Hitachi Consulting’s Announcement About by MVP Award

Being named an MVP this year is very exciting news for me.  As I was trying to come up with the right words for a post, Stacey Toevs, who maintains our corporate Intranet site created this feature article for a series and internal Hitachi Consulting initiative called “Be Known”.  I thought I’d share it with you here…

 Paul Photo small

Microsoft’s Newest Most Valued Professional

A rare honor was given to Paul Turley October 1: He was named Microsoft’s MVP in the SQL Server domain. The Microsoft MVP Award is given annually to recognize exceptional technology community leaders worldwide who actively share their high quality, real-world expertise with users and Microsoft. With fewer than 5,000 awardees worldwide, Microsoft MVPs represent a highly select group of experts and the diversity of today’s technical communities. “I believe there are only a handful of MVPs worldwide on the Microsoft SSRS reporting platform,” says Hillary Feier VP on the high tech products team. “This is a tremendous accomplishment, and having an MVP on our team demonstrates to Microsoft our commitment and expertise on their platform.” Paul has a very active blog that illustrates his willingness to share his expertise and help others – a key MVP requirement. “MVPs share a passion for technology, a willingness to help others, and a commitment to community,” says Microsoft’s head of customer and partner advocacy Richard Kaplan. “These are the qualities that make MVPs exceptional community leaders. By sharing their knowledge and experiences and providing objective feedback, they help people solve problems and discover new capabilities every day. MVPs are technology’s best and brightest, and we are honored to welcome Paul as one of them.”

It hardly makes sense to attempt to improve the thoughts of an all-star blogger, so we reproduce here some of Paul’s thoughts on blogging. For starters, Paul sees blogging as a natural progression in his career: “For me blogging is the next stage of technical community involvement. In the early 1990s, I was an independent consultant working at HP. I found myself doing a lot of Access and VB projects, where I got to know Access really well. To find answers, I would look on the public support forums and newsgroups, and while I was looking for answers to my questions, I read questions from others and realized that I had answers for them. Before long, I was spending more time answering questions and helping others purely in the spirit of service. After a couple of years, I guess I became somewhat of an authority on Access and was contacted through a forum to write a couple of chapters in a Wrox Press book. Nine years later, I’ve contributed to ten books. I started speaking at the SQL Server PASS global summit because I could attend the conference for free. Now I just enjoy being involved.

“Blogging is great fun, and it’s good for the core muscles – no, wait, that’s Pilates… I get confused. I’ve started and stopped blogging in the past but I didn’t really have a forum or a good reason to keep going. Hilary Feier challenged me to blog regularly and this gave me the traction to reach critical mass. Since March, I’ve had 3,330 visitors from 92 countries and I get regular email, which motivates me to keep at it.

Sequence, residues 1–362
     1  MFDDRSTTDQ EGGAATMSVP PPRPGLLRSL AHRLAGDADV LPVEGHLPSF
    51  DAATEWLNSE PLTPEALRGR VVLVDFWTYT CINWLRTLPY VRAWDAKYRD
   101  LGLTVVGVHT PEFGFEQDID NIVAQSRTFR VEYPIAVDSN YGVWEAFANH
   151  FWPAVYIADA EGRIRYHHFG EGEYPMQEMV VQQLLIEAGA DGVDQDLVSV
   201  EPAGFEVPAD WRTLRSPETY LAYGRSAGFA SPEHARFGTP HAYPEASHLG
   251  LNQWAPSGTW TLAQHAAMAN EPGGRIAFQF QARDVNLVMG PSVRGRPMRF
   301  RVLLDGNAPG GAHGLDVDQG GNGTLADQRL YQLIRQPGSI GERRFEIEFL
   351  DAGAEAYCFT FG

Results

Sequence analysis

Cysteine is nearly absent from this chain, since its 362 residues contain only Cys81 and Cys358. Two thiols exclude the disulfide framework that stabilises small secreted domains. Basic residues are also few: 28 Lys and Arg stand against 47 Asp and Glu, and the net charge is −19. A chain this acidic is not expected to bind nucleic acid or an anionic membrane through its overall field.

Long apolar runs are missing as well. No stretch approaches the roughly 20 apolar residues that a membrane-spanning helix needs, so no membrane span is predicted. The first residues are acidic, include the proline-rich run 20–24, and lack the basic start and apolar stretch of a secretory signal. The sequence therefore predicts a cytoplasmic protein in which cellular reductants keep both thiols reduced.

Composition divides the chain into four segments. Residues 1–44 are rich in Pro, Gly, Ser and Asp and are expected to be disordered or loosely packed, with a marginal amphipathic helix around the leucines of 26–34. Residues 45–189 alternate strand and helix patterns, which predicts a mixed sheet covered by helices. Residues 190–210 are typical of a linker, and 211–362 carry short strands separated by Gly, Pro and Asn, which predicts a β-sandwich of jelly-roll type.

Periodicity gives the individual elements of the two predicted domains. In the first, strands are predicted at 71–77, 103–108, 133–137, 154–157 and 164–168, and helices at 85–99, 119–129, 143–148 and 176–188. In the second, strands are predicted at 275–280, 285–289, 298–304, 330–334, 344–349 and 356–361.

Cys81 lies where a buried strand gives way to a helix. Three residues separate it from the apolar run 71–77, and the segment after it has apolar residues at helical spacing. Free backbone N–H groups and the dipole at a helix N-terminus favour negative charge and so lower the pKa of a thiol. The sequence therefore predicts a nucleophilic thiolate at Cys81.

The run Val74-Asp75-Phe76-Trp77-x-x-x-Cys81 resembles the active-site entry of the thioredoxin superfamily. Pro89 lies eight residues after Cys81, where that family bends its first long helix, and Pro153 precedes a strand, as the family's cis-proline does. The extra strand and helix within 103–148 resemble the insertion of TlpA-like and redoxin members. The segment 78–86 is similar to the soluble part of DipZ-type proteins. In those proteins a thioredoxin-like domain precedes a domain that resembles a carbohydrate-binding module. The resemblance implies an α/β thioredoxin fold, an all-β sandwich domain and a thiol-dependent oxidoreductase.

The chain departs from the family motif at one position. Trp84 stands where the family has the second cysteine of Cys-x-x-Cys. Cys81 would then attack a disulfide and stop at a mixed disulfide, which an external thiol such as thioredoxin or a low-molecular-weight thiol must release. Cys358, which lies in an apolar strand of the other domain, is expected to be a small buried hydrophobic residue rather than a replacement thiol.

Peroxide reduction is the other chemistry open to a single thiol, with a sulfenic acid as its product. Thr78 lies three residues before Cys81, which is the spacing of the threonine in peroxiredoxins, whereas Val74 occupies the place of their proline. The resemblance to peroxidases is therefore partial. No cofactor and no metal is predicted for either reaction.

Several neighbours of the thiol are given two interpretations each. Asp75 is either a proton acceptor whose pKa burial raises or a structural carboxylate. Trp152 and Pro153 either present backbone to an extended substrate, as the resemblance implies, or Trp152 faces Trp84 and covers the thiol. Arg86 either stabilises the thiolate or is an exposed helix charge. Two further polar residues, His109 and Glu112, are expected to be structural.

“To come up with a solution for a technical problem, sometimes I just need to let it bake for a while and later some creative solution will just hit me. When someone asks me a question at a client site, in a training class or at a conference; I often tuck these things away in my mind. I love to help people but I can’t be responsible for fixing everyone’s problems. Instead of promising to get back to an individual and then forgetting, when I get a chance I’ll post a blog with the solution. I get a sense of closure because I was able to resolve some nagging problem but I didn’t have to meet a deadline or remember who to get back to.

“I get a lot of questions from people, mostly from technical people in the trenches – and a lot of them are from our clients and prospects. I’m not the only one at Hitachi that writes books or speaks at conferences. When I go to a client site, I see our books all over. When I go to a sales call with one of our DBDs, I often hear people say ‘I read your blog’ or ‘I read an article from one of your associates.’ They’ve already heard about us from multiple sources, and I think this gives us credibility over another consulting company they’re talking to.

“Like my Access forums work in the ’90s, I’ve spent a lot of free time more recently posting answers in the Microsoft Development Network (MSDN) support forums. Before long, they made me a forum moderator and then received the MVP designation. In the past five years, I’ve been focusing my energy on SQL Server Reporting Services and BI. It’s important to build relationships. When we were working on the first Reporting Services book in 2003, I took the Microsoft product team leads out to lunch. Now I can pick up the phone or get email replies directly from the developers. I do a lot of this off of company time but when I write, present at a user group or speak at a conference; I always make a point to let people know who I work for. I’m there because of the smart people I surround myself with. You can’t volunteer because it will get you noticed or promoted. You have to do the right thing for the right reason. But, in making the effort, good things happen.”

Dynamically Adding and Removing Columns to a Query and Report